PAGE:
1. Sampling Method

Let’s imagine you are conducting research about teens and their usage of social media. There is no way you can send a survey, and they analyze data from all teens in the world. However, you will need to choose a reliable number of teens and then create quantitative research designs for this group. 

There are two main sampling methods we are going to discuss – probability and non-probability sampling

Probability Sampling

This quantitative method of data collection can be applied to cases when you need to analyze a specific group of people. For instance, you need to learn what the chance is that a city will vote for a chosen politician. It means you need to understand the age and gender percentages in a city and choose people for the survey based on this information. If your city has 34% of women age 55+, using a quantitative approach, you need to have the same percentage in your sampling. 

There are 4 types of probability sampling:

  1. Simple random sampling
  2. Systematic sampling
  3. Stratified sampling
  4. Cluster sampling.

Non-Probability Sampling

These quantitative data collection methods consider that the choice of samples depends on a researcher's experience and knowledge. In other words, not everyone can be selected for this data collection procedure - not everyone has an equal probability of being a part of your study. 

Quantitative researchers use five models for non-probability data gathering:

  • Convenience sampling: the only reason to choose study participants is their proximity to researchers.
  • Quota sampling: scientists use their knowledge and experience to form a quota.
  • Consecutive sampling: similar to the conventional method but can be applied to the same situation during some period of time.
  • Snowball sampling: researchers ask their target audience whom they can recommend for the same study.
  • Judgmental samplings: it is usually chosen based on the researcher's skills.

2. Surveys

The next and quite popular method to collect data is the quantitative survey method. The design of your question will depend on the theory you are using for your study. For instance, If you are looking at how customer awareness about product features influence their engagement with a brand, you will apply relationship communication theory. In other words, you can’t put any questions you want into the survey.

You can conduct surveys for your quantitative research using the following ways:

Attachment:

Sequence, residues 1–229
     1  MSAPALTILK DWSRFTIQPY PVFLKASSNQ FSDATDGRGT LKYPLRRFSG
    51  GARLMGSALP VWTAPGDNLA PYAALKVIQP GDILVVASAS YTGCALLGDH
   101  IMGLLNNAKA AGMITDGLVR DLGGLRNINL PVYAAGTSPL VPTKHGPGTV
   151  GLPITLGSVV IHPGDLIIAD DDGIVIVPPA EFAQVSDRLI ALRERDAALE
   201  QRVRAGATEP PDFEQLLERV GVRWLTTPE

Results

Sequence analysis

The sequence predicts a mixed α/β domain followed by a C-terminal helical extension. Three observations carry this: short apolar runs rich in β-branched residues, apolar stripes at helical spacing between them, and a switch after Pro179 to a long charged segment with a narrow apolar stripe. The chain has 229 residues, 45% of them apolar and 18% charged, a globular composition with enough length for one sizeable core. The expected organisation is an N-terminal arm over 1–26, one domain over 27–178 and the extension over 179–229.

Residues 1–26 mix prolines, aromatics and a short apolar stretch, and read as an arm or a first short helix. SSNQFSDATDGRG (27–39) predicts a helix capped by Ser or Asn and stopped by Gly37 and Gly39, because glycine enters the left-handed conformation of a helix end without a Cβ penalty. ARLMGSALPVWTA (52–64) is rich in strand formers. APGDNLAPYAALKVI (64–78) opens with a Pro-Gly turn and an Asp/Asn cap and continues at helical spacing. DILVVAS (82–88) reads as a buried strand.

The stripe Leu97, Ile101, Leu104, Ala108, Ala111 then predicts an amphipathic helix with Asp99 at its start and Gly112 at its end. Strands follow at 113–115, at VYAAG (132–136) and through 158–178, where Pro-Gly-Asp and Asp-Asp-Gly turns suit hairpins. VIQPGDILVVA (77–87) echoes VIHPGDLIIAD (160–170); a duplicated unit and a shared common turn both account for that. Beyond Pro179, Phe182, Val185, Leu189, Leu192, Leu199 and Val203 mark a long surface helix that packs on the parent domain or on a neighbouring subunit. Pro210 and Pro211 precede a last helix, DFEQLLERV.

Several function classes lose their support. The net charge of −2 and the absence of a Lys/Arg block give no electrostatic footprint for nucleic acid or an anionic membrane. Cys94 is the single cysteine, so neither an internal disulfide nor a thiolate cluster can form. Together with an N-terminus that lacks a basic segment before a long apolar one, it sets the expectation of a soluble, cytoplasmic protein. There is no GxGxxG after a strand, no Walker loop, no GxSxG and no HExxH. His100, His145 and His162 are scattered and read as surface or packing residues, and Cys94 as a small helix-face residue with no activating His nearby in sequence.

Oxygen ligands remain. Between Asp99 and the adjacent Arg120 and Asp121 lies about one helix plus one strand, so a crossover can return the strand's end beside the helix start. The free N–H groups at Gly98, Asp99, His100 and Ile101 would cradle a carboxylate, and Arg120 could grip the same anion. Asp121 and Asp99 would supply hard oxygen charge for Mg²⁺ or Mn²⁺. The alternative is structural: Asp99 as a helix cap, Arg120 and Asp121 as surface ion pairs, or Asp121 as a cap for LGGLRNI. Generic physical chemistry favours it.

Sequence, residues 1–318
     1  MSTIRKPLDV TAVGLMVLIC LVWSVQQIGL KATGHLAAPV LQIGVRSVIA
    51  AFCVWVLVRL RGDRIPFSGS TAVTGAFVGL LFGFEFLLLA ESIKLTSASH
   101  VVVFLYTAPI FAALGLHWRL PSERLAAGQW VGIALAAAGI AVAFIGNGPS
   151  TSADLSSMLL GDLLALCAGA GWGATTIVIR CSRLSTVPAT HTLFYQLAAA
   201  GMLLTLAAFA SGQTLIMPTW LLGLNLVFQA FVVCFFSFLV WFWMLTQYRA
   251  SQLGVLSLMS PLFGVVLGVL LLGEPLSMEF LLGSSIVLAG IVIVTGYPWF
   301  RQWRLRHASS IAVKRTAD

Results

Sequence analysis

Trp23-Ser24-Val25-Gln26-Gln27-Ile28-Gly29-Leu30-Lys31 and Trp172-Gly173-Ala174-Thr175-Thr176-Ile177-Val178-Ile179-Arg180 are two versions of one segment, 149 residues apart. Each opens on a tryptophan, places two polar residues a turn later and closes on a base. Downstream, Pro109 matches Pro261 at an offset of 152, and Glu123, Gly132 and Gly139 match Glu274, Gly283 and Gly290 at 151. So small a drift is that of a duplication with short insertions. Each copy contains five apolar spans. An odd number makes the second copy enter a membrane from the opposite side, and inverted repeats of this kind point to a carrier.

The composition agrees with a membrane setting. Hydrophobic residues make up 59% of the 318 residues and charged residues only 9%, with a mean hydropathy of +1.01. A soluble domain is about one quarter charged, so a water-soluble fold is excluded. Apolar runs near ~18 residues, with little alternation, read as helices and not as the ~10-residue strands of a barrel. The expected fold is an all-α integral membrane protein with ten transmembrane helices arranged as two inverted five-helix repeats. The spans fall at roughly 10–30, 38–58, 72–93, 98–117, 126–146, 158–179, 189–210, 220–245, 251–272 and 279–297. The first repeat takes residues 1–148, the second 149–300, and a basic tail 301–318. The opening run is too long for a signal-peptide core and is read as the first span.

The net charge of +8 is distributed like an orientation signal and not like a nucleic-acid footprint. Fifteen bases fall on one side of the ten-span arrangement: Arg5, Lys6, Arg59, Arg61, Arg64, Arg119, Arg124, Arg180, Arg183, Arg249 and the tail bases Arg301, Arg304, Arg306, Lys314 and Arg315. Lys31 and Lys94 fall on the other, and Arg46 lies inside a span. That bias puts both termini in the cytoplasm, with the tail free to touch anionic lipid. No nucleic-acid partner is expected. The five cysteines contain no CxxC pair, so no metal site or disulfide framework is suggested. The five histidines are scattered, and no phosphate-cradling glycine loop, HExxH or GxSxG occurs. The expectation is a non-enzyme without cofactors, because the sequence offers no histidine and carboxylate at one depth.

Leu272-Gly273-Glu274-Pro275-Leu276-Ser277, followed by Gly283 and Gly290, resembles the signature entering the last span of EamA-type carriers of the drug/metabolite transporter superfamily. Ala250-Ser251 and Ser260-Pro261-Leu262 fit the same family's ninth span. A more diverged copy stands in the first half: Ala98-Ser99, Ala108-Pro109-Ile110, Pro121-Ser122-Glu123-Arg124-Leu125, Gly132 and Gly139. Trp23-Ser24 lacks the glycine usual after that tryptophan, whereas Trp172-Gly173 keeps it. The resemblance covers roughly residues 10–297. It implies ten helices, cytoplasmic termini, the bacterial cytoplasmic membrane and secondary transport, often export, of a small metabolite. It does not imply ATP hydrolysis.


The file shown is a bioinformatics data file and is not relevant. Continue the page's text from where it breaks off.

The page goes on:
• Email
  • Social media
  • SMS
  • QR-code
  • Survey on your website
  • Offline surveys, and other methods.

As quantitative studies are focused on numeric data, you need to use a likable scale for answers and not open questions.

3. Polls

Polls are a commonly used quantitative research method, particularly in election and exit polls. Conducting quantitative research for the election means you can ask simple questions with multiple choices. For instance, you may offer a few demographic questions (e.g., age, employment),as well as questions about voting behavior (e.g., candidate they voted for).

Applying quantitative design for polls, researchers need to ensure that the answers can be analyzed with statistical formulas. That is why the questions for the polls are often quite simple and comprise up to 5 questions. However, in some cases, polls may include even less queries. 

A quantitative research study can use benchmarks, brushfire, and tracking polls.

Data Analysis Methods

After you collect the results of your polls, samplings, or surveys, you need to analyze quantitative data. As we are discussing primary data, researchers have raw information that can be analyzed and later interpreted in different ways. 

Based on quantitative research approaches, we identify 2 key methods for the analysis of numeric data:

  • Descriptive statistics Descriptive statistics allows us to get average data on questions or measure variability. It helps to overview the data with statistical evaluation. Applying descriptive statistics, you can count the average mean or standard deviation.
  • Inferential statistics Inferential statistics helps to design predictions and understand the relations between variables. You can run a T-test to measure the relation between two variables. Likewise, you may arrange a Pearson correlation test and measure how one variable depends on another one.

Using these statistical instruments, scientists can go deeper into result discussion and test hypotheses.

Secondary Quantitative Research Methods

Secondary methods of quantitative research are based on the analysis of existing data – the information already gathered by someone or presented in other papers. In this case, we do not need to collect data. Instead, scientists conduct their own quantitative research applying statistical analysis methods and formulas to gain new insights from existing data. 

There are 5 most commonly used types of secondary quantitative research methods:

  • Data from open online sources This is probably one of the most frequently used resources for quantitative study is the internet. A lot of companies and government institutions share the data on their own work, like the number of mobile users or a number of people using state health insurance.
  • Official data from government and non-government organizations Some data can exist in official reports but are not published online. In this case, you can ask for data that can be shared without breaking privacy protection laws. You may need to make an official request for the information you want to use for your study.
  • Public libraries You may think that no one uses public libraries. However, this is where you can find old studies conducted by someone else. The library also has a dataset for the papers that can be used for your own study.